How to use social and emotional learning to stop bullying

Betty Ray Director of Programming and Innovation @Edutopia

I've been haunted by this story of the South Hadley High School girl who hung herself after 3 months of relentless bullying by her peers. Yesterday, prosecutors announced that nine students were charged with multiple felonies - felonies! The NYTimes story below suggests that this unusually sharp legal response is designed to send a message that bullying - both online and offline - won't be tolerated.

We assembled a number of links to help parents, educators and lawmakers in creating a proactive approach to bullying in our schools. If you know of any others, please add them!

Michael Pritchard's Lessons from the Heart video:
Combining humor and honesty, Pritchard speaks to schools about the effects of bullying and invites kids to share their experiences and insights. It's amazing to watch, esp when he takes his presentations to a tough crowd of urban high school kids.

Emotional Intelligence Overview video:
A good overview including examples of programs that teach emotional intelligence - from high school, middle school and elementary schools. Features interviews with Daniel Goleman, author of Emotional Intelligence and Edutopia blogger, Maurice Elias.

Resolving Conflict Creatively Program
Educating the heart is teaching a skill, a tool, to help us solve problems. The RCCC program at Patrick Daly school in Brooklyn gives kids these tools, including skits and role-playing, which help them see that constructive options for resolving conflicts.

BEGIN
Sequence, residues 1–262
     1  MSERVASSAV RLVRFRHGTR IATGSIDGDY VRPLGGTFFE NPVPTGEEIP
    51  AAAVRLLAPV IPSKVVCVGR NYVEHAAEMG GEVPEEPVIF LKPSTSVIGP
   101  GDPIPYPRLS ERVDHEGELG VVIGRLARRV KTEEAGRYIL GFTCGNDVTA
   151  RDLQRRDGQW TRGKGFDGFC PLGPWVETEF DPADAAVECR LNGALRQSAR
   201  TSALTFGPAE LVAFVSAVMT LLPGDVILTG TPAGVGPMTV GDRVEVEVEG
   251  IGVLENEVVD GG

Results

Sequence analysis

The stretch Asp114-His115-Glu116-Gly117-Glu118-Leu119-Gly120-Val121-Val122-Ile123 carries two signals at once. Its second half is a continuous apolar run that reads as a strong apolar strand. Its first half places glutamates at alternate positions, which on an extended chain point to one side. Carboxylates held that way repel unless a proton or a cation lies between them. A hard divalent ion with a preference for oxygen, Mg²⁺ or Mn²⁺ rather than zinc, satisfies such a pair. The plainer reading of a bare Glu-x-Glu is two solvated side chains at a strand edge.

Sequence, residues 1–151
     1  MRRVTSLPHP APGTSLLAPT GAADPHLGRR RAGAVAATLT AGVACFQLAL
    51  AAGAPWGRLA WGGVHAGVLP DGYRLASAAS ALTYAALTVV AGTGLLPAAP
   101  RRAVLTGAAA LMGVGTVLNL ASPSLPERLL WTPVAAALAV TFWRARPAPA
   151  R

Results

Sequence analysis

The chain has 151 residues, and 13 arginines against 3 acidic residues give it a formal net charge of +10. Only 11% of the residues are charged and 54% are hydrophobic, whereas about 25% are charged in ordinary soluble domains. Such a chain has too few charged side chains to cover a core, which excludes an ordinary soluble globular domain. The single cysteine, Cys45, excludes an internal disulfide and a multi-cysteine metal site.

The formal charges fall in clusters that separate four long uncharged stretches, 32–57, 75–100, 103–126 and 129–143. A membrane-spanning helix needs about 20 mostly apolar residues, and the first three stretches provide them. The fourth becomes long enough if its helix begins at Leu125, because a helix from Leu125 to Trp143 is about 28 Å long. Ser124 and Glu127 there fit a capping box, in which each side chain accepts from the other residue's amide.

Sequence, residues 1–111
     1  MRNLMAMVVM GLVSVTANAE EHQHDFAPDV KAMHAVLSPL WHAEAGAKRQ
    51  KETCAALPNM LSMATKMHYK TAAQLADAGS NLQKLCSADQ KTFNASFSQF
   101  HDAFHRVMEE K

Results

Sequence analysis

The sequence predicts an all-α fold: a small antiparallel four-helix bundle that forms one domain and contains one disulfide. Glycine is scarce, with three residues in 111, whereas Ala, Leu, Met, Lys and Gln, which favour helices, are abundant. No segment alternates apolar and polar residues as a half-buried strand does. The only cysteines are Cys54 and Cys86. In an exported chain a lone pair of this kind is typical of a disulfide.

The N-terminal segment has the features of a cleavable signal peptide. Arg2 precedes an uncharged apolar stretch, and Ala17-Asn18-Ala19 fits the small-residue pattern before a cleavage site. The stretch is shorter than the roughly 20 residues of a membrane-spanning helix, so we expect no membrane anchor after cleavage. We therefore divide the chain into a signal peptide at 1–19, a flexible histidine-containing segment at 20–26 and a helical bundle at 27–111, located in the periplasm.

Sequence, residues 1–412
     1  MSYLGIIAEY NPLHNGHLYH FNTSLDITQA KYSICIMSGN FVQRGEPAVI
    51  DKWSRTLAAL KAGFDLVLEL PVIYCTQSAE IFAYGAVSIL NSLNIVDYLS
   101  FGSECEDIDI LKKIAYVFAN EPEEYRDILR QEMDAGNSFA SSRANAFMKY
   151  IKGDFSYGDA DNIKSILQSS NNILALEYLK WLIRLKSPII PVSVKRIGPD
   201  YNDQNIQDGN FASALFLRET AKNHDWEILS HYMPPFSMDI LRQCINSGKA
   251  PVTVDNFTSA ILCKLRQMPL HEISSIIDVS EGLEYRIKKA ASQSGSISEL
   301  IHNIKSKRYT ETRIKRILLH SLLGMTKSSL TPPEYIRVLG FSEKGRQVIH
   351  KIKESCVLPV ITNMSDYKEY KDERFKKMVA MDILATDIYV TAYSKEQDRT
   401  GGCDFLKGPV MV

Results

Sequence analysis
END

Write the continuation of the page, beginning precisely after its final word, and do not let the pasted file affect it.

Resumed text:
Interview with Daniel Goleman
The writer of the book Emotional Intelligence makes the case for SEL in schools, recorded at the annual CASEL conference.

Here are some articles, too:

"She Used to Be Pretty": Schoolyard Harassment Goes Online (Middle school bullying)

Fear Factor: Harassment Hurts

10 Tips for Creating a Caring School

Safe Schools Ambassadors Help Keep the Peace on Campus

Creating a Safe Place: Lessons on Managing Emotions Pay Off

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This year, in my 5th grade class, I had two girls who were sending each other unkind and threatening text messages (via their cell phones). This was totally unbeknown to me as we were on vacation while this was going on. One of the girl's mothers came to me about it as soon as school resumed. Not knowing exactly what to do, I referred it to our Principal.

It turned out that it is called cyber-bullying and in our district (in Southern California) this is an offense that can be an automatic expulsion. While the girls were not expelled, they were placed on suspension contracts which means that if they misbehave in any way or break any school rules, they can either be suspended or expelled.